As 2018 saw the release of not one, but two comics heavily influenced by role playing games, we thought the answer to the question of "Why?" might be best answered by pitting two of the creators involved against one another in a tabletop conversation. Hence this: a back and forth about role playing games, comics, and all the various parts of personal history that come along with those conversations between writer Kieron Gillen (who teamed up with Stephanie Hans to create Die, published by Image Comics) and Tim Sievert (the cartoonist responsible for The Clandestinauts, published by Uncivilized Books). Prepare yourselves for candor. - The Editors
Kieron Gillen: One of my friends – I tend to run the game for most people, but I was aware that one of my friends asked me, “what do you play?” And, like, half the characters I play are just complete idiots. That’s my psyche place in terms of – “let me just be a Labrador” and, like, ruin everything for everybody.
I was just about to ask you about Clandestinauts in terms of, like – I suppose in the most widest sense – do you want to tell me about how you end up coming to do that? And where you came from?
Tim Sievert: Sure. Yeah, I guess, I was gonna start– I think we should start like this. I want to ask you, what is your history and background with role-playing games in general? So we get a little backstory on both of us and then we can talk about–
That would be the sensible thing to do. I mean, we should go – want to do, like, the party game where we have to, like – okay, best RPG ever? Worst RPG ever? And then we fight. [Laughs.]
[Laughs.] That wouldn’t be good. You’ll see why. You’ll learn why very quickly.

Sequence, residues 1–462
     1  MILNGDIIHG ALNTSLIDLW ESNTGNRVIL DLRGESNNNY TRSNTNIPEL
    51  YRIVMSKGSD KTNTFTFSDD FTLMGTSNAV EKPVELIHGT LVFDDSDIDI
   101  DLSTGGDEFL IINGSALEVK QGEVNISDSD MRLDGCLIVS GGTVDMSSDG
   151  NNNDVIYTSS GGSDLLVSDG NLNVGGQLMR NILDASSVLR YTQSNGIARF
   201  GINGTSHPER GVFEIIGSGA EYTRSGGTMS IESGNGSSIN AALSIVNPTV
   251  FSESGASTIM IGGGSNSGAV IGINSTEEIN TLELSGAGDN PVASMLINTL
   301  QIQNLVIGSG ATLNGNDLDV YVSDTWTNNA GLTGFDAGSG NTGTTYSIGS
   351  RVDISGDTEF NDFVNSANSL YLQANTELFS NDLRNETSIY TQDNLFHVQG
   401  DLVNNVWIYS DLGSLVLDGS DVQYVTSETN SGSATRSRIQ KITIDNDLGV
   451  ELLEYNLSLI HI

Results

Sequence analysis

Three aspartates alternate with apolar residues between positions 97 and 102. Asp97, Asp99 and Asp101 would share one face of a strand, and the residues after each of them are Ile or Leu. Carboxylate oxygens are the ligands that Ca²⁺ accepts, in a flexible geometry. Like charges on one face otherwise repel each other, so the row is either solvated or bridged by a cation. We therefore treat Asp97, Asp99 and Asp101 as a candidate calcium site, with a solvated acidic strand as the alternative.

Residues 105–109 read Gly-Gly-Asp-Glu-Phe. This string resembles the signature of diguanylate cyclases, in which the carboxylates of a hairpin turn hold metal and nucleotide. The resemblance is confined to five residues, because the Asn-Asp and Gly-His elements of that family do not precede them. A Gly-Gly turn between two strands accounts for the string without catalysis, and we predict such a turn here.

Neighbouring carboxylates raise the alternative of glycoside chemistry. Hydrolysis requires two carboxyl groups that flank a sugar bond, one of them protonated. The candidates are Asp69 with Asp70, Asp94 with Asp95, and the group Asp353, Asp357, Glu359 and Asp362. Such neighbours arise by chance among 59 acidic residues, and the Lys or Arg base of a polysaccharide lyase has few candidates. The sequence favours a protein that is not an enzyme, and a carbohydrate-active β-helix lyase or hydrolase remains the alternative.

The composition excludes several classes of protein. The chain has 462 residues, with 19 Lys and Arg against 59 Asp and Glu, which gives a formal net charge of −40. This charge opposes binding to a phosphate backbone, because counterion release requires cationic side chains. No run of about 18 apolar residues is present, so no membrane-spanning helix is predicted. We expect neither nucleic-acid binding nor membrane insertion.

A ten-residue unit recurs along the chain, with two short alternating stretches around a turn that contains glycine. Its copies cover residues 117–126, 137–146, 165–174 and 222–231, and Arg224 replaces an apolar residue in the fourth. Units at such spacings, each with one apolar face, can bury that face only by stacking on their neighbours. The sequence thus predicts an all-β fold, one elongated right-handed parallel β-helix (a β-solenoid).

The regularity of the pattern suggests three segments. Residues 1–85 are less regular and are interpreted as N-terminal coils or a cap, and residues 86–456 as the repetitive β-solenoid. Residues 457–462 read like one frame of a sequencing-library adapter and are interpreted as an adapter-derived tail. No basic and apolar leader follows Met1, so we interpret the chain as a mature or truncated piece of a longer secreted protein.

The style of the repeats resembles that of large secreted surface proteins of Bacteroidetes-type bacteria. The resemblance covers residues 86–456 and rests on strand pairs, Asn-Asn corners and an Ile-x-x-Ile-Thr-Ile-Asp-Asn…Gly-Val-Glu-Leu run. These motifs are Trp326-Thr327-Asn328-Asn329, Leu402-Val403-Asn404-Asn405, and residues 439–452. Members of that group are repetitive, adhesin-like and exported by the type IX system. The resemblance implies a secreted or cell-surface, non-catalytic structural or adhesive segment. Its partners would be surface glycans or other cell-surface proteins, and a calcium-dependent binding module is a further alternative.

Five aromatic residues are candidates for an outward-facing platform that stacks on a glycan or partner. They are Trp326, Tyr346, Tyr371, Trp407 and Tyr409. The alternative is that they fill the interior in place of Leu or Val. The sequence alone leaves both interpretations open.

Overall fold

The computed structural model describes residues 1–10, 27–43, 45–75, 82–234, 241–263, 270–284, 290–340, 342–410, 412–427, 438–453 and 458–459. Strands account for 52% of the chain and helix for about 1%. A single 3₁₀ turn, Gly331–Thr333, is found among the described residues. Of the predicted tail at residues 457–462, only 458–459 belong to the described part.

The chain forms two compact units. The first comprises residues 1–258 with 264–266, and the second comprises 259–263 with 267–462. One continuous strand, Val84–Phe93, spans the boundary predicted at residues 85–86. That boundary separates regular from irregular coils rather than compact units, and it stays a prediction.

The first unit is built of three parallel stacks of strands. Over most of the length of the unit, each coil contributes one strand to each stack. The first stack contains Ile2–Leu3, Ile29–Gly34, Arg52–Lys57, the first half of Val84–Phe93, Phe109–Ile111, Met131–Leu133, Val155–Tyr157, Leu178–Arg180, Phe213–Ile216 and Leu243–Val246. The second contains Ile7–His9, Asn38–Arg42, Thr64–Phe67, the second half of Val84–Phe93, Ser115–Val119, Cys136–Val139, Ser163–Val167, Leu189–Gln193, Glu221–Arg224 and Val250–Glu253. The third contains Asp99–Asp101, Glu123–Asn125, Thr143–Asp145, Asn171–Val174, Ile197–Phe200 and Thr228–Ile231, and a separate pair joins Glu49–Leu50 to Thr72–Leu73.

Oh, dear. Okay, The first role-playing game I ever had must’ve been my eleventh– I was eleven at Christmas so, ’85, I think. That’d be ten. I must be wrong. Anyway – and I got the Middle Earth role-playing game as in the games where shops did a box edition in the UK. That was, like, ludicrously complicated for this 10 or 11-year-old me. And I’ve sort of been playing on-and-off ever since. Got off-and-off because my previous life used to be a games critic, like, I did games journalism, I worked for places like PC Gamer. I founded Rock, Paper, Shotgun. So half my friends are still games journalists. There’ve been entire periods where I have not played tabletop games of various sorts and the gaming’s constant, but, like, what the game form it takes – uh, and in the last, like, five years it’s been tabletop and role-playing game stuff primarily. And I went in hard in these five years. I haven’t even played a triple-A video game, I think. Like, no more for like two hours. But, all the way from my teenage years I played – I started on MERPs [middle-earth role-playing], my longest campaign was Warhammer fantasy roleplay. I never played full-fat D&D [Dungeons & Dragons] until my twenties. I played very briefly. I played D&D Redbox, you know, the D&D basic for a little while before we jumped into Warhammer and just started being very grim in the old world. And then I segued into stuff like Cyberpunk and a load of GURPS games [Generic Universal Role-Playing – an multi-genre game, basically]. I kind of hated stuff like, what is it called, Rifts? That was never really my thing, but I basically ended up clearly doing my own [version of a similar sort of thinking] – what was eventually my own riffs in terms of all the mashup stuff [in GURPS]. And it dropped off when I went into university and I did some stuff at university, but only, like, casually. But I played stuff like Amber there and Feng Shui and that kind of thing. And when I went to– when I got into a real life in my twenties, I was going out too much. [Laughs.] So, that was basically a time when I did very little tabletop games and it came back more recently when I play all manner of indie stuff. I got a mate of mine, Quintin Smith, who runs a game site called Shut Up & Sit Down and both of us kind of wanted to dive back into RPGs so, we made this group where we basically play short games, like, one to four sessions and, like, tapas basically. [Laughter.] So, we just try to play a lot of different games to see what’s out there. And that was me. What about you, Tim?